One day I will slowly return to the Earth and I don’t want to do so overworked and stressed. I want to know that I slowed down just enough to watch my daughters grow and laugh with them. I want to keep building memories with those who mean something to me and I am going to create my own way against the current of popular belief.

Enjoy every slow day you get!




Let’s Share: Rick Subber on Dr. Seuss

I love Dr. Seuss and when someone writes about him I get all giddy inside. Check out my friend’s blog, Richard Subber is an author and poet. He provides his readers with a variety of topics from book reviews to original poetry and everything in between.

Please check it out and subscribe!

The wisdom of Dr. Seuss


Liebster Award

Thank you very much to K.D. Dowdall for nominating me for the Liebster Award! I am humbled to be recognized by other bloggers. Please visit K.D. Dowdall at: https://karendowdall.com/  and you will find a beautifully written and thoughtful blog.

The Rules:

  • Say thank you to the person who nominated you for the award.
  • Answer the 11 questions you have been asked.
  • Nominate and notify 11 bloggers for the award.
  • Ask those you have nominated 11 questions.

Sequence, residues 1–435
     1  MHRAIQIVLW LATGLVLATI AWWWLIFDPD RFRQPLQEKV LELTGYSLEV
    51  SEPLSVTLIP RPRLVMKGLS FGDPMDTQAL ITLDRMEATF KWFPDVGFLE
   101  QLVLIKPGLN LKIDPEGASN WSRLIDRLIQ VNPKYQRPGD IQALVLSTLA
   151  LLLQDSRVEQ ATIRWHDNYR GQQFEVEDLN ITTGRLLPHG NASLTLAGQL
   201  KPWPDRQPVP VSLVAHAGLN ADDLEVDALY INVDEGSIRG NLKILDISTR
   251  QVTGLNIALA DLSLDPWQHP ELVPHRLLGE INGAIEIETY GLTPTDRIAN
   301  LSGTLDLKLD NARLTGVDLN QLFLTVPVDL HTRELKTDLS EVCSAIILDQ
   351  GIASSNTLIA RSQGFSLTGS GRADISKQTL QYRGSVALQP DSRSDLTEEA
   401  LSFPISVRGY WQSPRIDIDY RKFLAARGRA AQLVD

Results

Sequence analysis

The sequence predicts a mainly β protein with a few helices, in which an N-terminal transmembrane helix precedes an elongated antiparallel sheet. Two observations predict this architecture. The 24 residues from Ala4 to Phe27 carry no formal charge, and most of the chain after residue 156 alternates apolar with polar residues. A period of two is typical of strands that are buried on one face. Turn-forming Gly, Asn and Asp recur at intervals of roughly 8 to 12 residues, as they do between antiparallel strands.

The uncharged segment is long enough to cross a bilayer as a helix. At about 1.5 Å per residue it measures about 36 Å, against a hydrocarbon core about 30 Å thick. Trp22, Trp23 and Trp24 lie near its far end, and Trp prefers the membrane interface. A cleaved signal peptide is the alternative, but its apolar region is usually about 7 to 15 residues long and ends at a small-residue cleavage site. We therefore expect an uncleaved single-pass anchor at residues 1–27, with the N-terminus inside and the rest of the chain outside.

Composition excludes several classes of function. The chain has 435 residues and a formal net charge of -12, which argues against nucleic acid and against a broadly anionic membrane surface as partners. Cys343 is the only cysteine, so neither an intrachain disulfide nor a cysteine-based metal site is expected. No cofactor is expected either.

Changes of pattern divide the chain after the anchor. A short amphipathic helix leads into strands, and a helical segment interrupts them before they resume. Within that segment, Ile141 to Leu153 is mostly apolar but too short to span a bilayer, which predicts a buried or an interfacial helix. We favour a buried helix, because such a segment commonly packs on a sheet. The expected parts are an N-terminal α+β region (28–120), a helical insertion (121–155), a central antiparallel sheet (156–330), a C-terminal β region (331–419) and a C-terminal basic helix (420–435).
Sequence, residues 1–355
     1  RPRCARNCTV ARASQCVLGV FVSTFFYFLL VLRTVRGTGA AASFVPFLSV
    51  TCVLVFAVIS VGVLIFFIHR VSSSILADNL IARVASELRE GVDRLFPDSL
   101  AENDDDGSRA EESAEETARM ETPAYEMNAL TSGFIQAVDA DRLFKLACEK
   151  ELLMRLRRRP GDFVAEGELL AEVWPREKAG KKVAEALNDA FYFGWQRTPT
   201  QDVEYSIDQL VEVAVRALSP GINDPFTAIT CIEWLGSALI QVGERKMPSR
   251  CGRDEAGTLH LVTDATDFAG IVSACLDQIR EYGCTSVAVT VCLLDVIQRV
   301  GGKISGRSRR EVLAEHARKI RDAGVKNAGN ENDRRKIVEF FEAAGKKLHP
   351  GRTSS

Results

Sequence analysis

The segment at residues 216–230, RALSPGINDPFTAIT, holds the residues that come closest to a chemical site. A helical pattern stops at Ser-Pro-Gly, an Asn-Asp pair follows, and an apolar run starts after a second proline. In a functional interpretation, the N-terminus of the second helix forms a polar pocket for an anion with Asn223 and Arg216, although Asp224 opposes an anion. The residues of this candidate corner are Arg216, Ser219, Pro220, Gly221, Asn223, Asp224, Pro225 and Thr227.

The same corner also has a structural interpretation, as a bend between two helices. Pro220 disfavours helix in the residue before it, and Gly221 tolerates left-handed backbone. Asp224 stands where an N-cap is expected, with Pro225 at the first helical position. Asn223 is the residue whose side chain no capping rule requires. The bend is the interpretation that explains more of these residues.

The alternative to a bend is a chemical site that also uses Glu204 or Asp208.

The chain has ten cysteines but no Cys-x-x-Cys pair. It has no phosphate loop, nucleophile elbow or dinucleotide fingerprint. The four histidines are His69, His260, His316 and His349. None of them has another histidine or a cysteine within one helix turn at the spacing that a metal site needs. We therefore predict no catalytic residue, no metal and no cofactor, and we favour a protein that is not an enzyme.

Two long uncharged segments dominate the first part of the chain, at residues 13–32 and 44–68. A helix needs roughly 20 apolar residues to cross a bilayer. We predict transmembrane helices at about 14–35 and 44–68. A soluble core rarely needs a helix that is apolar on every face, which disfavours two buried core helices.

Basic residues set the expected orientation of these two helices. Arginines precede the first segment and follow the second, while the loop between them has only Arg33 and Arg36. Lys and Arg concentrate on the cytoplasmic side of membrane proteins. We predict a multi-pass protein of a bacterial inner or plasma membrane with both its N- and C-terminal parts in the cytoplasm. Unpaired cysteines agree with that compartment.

The Questions:

  1. Why did you choose book blogging over something else?

It came at the suggestion of my English Professor Charles French. He kept suggesting it and one day I decided to try it!

  1. What is one thing you’re really passionate about beside books?

My daughters and education. These two go hand in hand. I noticed that there was a clear difference in the education they received when we lived in a poor neighborhood vs. when we moved into a township. I made the decision to move so that my children can attend a better school. The funny thing is that these schools were in the same school district one school served a poor neighborhood and the other didn’t. These schools were also less than a mile away from each other. So I tell everyone who will listen about what I experienced because it is my ultimate belief that education is the most important equalizer we have as a society and when school in the same district provide different education based on resources then I believe that is a problem.